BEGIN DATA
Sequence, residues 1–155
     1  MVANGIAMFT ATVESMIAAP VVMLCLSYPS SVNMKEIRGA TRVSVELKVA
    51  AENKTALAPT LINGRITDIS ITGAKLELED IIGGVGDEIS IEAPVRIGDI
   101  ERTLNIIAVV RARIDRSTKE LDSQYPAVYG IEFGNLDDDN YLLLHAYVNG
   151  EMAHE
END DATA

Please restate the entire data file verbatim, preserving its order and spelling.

Sequence, residues 1–155
     1  MVANGIAMFT ATVESMIAAP VVMLCLSYPS SVNMKEIRGA TRVSVELKVA
    51  AENKTALAPT LINGRITDIS ITGAKLELED IIGGVGDEIS IEAPVRIGDI
   101  ERTLNIIAVV RARIDRSTKE LDSQYPAVYG IEFGNLDDDN YLLLHAYVNG
   151  EMAHE